PropertyChangedHelper.cs

public static class PropertyChangedHelper
{
    #if DEBUG
    public static Dictionary<Type, Dictionary<string, bool>> PropertyCache = new Dictionary<Type, Dictionary<string, bool>>();
    #endif

    [DebuggerStepThrough]
    public static void Notify(this INotifyPropertyChanged sender, PropertyChangedEventHandler eventHandler, string propertyName)
    {
        sender.Notify(eventHandler, new PropertyChangedEventArgs(propertyName), true);
    }

    [DebuggerStepThrough]
    public static void Notify(this INotifyPropertyChanged sender, PropertyChangedEventHandler eventHandler, string propertyName, bool validatePropertyName)
    {
        sender.Notify(eventHandler, new PropertyChangedEventArgs(propertyName), validatePropertyName);
    }

    [DebuggerStepThrough]
    public static void Notify(this INotifyPropertyChanged sender, PropertyChangedEventHandler eventHandler, PropertyChangedEventArgs eventArgs)
    {
        sender.Notify(eventHandler, eventArgs, true);
    }

    [DebuggerStepThrough]
    public static void Notify(this INotifyPropertyChanged sender, PropertyChangedEventHandler eventHandler, PropertyChangedEventArgs eventArgs, bool validatePropertyName)
    {
        #if DEBUG
        if (validatePropertyName)
            Debug.Assert(PropertyExists(sender as object, eventArgs.PropertyName), String.Format("Property: {0} does not exist on type: {1}", eventArgs.PropertyName, sender.GetType().ToString()));
        #endif

        // as the event handlers is a parameter is actually somewhat "thread safe"
        // http://blogs.msdn.com/b/ericlippert/archive/2009/04/29/events-and-races.aspx
        if (eventHandler != null)
            eventHandler(sender, eventArgs);
    }

    #if DEBUG
    [DebuggerStepThrough]
    public static bool PropertyExists(object sender, string propertyName)
    {
        // we do not check validity of dynamic classes. it is possible, however since they're dynamic we couldn't cache them anyway.
        if (sender is ICustomTypeDescriptor)
            return true;

        var senderType = sender.GetType();     
        if (!PropertyCache.ContainsKey(senderType))
            PropertyCache.Add(senderType, new Dictionary<string,bool>());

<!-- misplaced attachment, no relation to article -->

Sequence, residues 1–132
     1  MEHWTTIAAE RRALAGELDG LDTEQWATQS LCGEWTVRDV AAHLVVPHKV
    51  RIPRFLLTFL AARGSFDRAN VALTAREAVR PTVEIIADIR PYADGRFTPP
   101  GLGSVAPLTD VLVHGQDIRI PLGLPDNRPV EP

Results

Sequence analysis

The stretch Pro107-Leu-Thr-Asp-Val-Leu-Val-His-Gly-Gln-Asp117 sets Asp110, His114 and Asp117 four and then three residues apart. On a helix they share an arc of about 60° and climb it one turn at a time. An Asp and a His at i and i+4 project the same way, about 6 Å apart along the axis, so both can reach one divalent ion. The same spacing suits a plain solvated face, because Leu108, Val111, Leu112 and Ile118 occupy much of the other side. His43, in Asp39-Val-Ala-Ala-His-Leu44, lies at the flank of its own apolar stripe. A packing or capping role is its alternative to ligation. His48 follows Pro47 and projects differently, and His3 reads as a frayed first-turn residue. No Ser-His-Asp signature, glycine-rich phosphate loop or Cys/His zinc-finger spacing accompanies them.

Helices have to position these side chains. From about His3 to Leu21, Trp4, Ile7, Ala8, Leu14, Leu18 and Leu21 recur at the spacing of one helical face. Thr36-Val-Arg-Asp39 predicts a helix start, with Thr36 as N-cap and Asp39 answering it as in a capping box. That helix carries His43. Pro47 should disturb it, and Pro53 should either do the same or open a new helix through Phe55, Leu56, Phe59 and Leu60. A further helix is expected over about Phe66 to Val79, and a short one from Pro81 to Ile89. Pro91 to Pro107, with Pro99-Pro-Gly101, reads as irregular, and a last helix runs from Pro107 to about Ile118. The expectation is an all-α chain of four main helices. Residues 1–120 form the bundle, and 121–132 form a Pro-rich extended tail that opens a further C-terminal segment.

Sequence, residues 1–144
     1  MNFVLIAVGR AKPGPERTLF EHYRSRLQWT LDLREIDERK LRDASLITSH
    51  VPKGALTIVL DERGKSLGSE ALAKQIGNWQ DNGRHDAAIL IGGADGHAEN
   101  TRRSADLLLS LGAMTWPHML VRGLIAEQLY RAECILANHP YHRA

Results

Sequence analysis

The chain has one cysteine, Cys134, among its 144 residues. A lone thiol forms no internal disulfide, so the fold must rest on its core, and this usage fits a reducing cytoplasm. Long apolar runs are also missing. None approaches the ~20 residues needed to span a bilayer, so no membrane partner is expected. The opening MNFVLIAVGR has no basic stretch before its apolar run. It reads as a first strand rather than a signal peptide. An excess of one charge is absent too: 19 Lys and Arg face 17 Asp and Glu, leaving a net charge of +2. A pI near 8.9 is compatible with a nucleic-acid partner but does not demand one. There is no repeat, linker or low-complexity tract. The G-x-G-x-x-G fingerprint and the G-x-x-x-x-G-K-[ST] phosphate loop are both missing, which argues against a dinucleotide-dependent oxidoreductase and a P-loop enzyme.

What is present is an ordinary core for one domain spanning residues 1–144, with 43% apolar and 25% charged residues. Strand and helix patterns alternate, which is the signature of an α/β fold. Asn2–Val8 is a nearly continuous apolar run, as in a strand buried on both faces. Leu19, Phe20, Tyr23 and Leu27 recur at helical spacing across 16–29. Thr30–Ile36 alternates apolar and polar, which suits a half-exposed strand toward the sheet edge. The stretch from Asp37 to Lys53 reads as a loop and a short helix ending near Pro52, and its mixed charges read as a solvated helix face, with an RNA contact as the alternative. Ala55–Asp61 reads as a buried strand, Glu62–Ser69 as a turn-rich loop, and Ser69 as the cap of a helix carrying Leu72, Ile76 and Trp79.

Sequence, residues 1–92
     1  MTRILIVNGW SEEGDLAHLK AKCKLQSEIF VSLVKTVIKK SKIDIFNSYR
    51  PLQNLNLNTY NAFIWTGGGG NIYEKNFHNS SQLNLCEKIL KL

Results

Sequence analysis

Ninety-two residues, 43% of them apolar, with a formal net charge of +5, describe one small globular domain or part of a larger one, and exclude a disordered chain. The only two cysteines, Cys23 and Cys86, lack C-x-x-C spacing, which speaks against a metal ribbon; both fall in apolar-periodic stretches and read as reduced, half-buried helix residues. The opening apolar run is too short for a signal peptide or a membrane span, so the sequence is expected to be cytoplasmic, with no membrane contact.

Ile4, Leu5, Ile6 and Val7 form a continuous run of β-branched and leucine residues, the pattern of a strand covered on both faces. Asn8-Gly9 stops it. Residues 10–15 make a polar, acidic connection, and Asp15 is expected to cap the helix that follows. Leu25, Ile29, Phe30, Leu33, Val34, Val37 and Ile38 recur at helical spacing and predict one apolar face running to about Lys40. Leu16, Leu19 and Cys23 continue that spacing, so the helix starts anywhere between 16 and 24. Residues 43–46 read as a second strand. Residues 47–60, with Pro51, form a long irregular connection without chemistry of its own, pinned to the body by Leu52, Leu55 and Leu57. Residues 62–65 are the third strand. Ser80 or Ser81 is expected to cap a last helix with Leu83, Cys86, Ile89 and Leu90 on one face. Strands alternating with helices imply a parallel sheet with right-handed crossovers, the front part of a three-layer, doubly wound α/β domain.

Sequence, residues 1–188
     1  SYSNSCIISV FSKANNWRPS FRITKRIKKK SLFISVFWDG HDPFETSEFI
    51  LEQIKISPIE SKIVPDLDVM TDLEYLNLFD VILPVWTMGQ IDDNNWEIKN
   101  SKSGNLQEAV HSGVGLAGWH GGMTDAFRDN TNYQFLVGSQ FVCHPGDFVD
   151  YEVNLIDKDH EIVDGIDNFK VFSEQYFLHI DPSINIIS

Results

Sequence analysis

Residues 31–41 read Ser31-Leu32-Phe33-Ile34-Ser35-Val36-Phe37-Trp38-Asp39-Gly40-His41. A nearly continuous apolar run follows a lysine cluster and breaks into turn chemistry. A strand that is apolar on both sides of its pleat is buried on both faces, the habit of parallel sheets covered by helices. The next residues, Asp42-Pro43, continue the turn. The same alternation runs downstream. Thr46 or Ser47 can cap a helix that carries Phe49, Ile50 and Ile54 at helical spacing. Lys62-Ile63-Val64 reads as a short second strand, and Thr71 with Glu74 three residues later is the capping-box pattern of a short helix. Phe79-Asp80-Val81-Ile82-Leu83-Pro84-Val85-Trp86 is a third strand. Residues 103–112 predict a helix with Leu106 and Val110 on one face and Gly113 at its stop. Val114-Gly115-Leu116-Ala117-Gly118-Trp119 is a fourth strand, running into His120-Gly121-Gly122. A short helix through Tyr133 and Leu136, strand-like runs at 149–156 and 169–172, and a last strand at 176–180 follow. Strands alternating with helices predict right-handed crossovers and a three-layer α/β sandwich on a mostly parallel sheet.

lock (PropertyCache)
        {
            if (!(PropertyCache[senderType].ContainsKey(propertyName)))
            {
                var hasPropertyByName = (senderType.GetProperty(propertyName, BindingFlags.Public | BindingFlags.NonPublic | BindingFlags.Instance | BindingFlags.Static) != null);
                PropertyCache[senderType].Add(propertyName, hasPropertyByName);
            }
        }

        return PropertyCache[senderType][propertyName];
    }
    #endif

}

HTH,

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Any questions, give me a shout. –  Dennis Mar 8 '12 at 10:05

Do you have the View Output active. That will show some binding errors. PresentationTraceSources.TraceLevel="High" will show more info. It could be hitting an error before it gets to you breakpoint. Set a break point in the constructor just to see it work.

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Adding a "pass-through" converter on a binding can sometimes help by allowing you to put a break point in the converter that will get pulled when ever there is a binding update. It also allows you see the values being passing both ways through the binding from Convert and ConvertBack value parameter.

public class PassthroughConverter : IValueConverter {
    public object Convert(object value, Type targetType, object parameter, CultureInfo culture) {
        return value; // Breakpoint here.
    }
    public object ConvertBack(object value, Type targetType, object parameter, CultureInfo culture) {
        return value; // Breakpoint here.
    }
}

If you can access a control by Name then in your Window.xaml.cs you can check the state of bindings on the control using:

BindingExpression be = comboMyCombo.GetBindingExpression(ComboBox.IsEnabledProperty);  

looking at 'be' in the debugger can help (sometimes the bindings get reset/broken on certain operations).